June 1 remains the date for greyhound racing’s return and preparations are well under way at several UK venues - but not all.
The LadbrokesCoral tracks of Crayford, Hove, Monmore and Romford all staged extensive trials sessions on Monday and it is expected these four stadia will form the backbone of the SIS coverage streamed online - given betting shops are shut.
They will be joined by Central Park, Henlow and Doncaster, all of which hosted major sessions on Monday and have others planned throughout the week - as do the LadbrokesCoral venues. Each greyhound will be required to have at least two trials.
Perry Barr and Sunderland were two Arc/TRP tracks which hosted trials on Monday, followed on Tuesday by Derby hosts Kinsley, Nottingham and Sheffield.
In normal circumstances, Nottingham would have still been carrying the glow of staging the world’s greatest greyhound race - the Star Sports, Arc and LPS Greyhound Derby - which was originally scheduled for April/May but could now be staged in October.
Schedules for the restart are still awaited, but tracks are set for a behind-closed-doors return with strict guidelines on social distancing and biosecurity with GBGB regulations ensuring that stadiums are Covid-19 secure workplaces.
It might be the ‘new normal’ but the overwhelming response from those working at the tracks, whether that be stadium staff or trainers and kennelhands with greyhounds, was one of positivity. There are challenges ahead but the sport is ready to roll again.
Tracks have intimated that top-end graded contests and/or invitation races could be included on racecards to ensure open-race greyhounds can also be catered for - restrictions on travel have precluded open racing until at least July 1.
However, graded racing will ensure that greyhound racing can begin to work again, to provide live action for the betting industry, which supports tracks and helps them to pay prize-money to owners which in turn pays the trainers with the greyhounds in their care.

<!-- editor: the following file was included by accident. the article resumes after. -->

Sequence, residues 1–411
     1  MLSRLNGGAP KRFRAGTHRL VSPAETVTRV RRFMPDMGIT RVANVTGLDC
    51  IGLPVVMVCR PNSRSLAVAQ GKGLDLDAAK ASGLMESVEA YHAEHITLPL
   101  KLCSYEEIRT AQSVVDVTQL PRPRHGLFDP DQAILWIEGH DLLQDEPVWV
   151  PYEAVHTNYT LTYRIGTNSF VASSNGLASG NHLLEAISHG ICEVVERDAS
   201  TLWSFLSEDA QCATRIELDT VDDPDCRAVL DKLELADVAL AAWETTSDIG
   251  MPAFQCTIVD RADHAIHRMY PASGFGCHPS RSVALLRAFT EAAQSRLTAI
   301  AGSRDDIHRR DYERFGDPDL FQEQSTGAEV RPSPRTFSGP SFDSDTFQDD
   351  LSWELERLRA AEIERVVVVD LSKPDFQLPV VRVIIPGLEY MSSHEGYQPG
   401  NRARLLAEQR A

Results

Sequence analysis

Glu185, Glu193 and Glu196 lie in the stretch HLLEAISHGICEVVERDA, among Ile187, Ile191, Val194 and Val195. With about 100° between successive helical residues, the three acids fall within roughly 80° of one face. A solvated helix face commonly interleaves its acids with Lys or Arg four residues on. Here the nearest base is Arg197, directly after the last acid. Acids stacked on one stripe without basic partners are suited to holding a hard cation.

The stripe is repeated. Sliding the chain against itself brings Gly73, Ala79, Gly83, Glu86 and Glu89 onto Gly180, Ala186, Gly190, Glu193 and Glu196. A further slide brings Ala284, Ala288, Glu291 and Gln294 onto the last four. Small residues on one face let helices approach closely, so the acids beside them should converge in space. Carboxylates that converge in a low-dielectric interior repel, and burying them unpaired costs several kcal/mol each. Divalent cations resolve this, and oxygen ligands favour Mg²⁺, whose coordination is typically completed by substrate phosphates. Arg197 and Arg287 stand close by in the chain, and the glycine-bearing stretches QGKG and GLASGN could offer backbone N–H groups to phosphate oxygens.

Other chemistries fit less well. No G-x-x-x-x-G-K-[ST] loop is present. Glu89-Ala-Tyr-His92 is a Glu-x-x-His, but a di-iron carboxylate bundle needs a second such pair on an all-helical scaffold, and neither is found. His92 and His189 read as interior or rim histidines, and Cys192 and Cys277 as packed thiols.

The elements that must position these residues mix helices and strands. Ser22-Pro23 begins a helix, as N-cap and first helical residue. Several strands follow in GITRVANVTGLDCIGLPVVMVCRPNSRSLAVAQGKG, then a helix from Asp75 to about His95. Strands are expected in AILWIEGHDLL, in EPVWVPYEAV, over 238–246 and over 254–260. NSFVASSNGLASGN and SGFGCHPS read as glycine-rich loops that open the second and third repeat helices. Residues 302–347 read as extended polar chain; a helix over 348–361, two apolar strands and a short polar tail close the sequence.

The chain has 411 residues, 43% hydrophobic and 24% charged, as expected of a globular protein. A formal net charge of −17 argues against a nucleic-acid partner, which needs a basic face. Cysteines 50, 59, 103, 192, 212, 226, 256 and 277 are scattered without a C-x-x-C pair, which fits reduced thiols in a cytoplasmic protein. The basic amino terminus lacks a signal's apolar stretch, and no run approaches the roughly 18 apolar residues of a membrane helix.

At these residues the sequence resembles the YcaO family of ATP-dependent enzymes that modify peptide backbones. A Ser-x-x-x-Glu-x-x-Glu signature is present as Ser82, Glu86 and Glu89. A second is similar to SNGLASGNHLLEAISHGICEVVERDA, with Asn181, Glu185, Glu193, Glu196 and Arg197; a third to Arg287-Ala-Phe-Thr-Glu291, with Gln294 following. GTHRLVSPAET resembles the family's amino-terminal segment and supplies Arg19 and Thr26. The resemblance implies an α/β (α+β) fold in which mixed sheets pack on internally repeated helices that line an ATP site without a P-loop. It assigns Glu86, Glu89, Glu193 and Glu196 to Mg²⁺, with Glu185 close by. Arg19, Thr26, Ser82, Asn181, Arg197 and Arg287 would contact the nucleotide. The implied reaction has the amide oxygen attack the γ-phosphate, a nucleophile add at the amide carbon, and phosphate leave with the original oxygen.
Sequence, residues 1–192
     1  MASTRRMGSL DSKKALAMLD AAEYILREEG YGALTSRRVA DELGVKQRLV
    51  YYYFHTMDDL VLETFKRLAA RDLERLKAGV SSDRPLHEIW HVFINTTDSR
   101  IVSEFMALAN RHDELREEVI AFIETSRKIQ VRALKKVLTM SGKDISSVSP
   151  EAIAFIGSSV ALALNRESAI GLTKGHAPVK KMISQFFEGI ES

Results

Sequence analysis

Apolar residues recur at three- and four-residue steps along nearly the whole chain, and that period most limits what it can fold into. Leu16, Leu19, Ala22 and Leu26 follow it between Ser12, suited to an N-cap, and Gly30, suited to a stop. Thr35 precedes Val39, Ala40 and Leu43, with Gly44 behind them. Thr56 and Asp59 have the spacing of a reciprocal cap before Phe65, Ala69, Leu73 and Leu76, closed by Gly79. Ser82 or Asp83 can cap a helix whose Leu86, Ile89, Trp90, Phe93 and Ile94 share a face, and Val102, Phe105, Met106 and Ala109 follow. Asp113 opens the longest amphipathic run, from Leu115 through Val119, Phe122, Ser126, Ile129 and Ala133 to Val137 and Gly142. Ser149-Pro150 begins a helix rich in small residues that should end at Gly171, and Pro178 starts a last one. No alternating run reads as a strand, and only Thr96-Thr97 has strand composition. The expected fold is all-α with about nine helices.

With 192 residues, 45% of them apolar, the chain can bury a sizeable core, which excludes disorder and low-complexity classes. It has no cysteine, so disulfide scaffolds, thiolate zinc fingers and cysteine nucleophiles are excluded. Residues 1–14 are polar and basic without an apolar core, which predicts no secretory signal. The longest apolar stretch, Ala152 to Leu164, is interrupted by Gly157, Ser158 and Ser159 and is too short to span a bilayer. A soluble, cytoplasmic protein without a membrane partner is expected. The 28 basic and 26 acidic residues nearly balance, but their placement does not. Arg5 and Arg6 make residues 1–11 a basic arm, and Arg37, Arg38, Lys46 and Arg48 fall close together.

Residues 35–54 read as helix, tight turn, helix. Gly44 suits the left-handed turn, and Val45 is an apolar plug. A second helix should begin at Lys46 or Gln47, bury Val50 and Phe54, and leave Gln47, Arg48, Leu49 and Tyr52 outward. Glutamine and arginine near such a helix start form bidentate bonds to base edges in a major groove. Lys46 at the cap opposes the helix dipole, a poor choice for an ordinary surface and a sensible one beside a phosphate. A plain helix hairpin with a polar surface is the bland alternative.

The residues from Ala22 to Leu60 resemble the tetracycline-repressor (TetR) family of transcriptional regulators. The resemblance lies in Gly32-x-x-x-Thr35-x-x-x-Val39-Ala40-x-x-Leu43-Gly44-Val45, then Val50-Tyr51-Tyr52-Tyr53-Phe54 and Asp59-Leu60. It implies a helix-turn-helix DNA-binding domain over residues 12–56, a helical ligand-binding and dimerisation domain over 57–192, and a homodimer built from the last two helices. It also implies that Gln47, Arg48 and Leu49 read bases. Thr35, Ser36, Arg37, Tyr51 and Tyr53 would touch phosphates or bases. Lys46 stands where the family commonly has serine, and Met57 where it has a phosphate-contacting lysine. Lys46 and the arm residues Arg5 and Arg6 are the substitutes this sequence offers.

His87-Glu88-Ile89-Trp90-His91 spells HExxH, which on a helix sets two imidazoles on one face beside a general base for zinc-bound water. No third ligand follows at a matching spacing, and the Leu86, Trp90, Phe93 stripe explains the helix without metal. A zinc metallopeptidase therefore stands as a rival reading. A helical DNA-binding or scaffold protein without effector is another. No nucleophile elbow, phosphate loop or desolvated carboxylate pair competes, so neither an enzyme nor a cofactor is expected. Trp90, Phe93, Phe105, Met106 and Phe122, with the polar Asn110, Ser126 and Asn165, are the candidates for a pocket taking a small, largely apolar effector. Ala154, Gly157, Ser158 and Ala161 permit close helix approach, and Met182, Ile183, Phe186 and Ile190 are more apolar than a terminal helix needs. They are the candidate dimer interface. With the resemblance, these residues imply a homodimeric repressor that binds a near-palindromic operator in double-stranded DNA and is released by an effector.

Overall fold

The wheel is beginning to turn with the start of trials this week - and when you see the names of some of those greyhounds put through their paces it whets the appetite of fans of the sport, who can look forward to enjoying their racing again.
Romford's Mark Arkell was one of a host of racing managers to report positive feedback from the Essex track’s comeback trials session on Monday.
"It was great to see the first greyhounds go round the track after such a long period off," he said. "We’ve spent a lot of time planning this return to trials, so it was great to see the dogs come out of the traps. We’re all delighted to be back."
Romford is expected to be one of the first tracks to return open-racing to its programme for the rest of 2020, with its Friday night meetings on RPGTV especially popular.
Pending the release of schedules, it is expected the channel will also return on June 1.
Well done to Dave Mitchell, Matt Newman and host Dave Clark for their 'Trap To Line' interview with track promoter Kevin Boothby.
Known as the #lockdowntapes, this latest in a series of interviews with industry figures focused on Boothby, who last week was given the go-ahead by the GBGB to restart racing at Towcester.
The Northamptonshire venue last staged a greyhound race in August 2018, but following a ten-year lease deal with the Hesketh family, Henlow promoter Boothby has added Towcester to his portfolio of tracks.
A deal with SIS has been mooted and trials could start as early as later this week, with greyhound racing just part of his future plans for the site - to include everything from open-air cinema and theatre events to point-to-point racing.
A greyhound owner for some 30 years, Boothby’s desire for top-end open racing could even see a future bid to stage the Derby, which Towcester famously hosted in 2016 and 2017. Before then, expect Saturday open-race nights to become a regular feature.
From one 'new' track to another. Could Oxford be ready to make a comeback?
An independent recommendation has favoured keeping the site at Cowley for leisure use and could see a return of greyhound racing and speedway to the venue, which closed in 2012.
For greyhound fans it was home of the Pall Mall and for speedway fans it was the home of the Oxford Cheetahs. The sports are set to combine to help ensure leisure and employment opportunities for the local community.
One source said: "Oxford was owned by the GRA, which was bought out by a property developer. Thankfully the local council has baulked at their attempts to build houses on the site - and a newly refurbished stadium with some social housing is a possible route now.
"There is a council meeting on June 8 when this new independent advice for the area will be ratified, which could force a sale - and bring Oxford Stadium back!"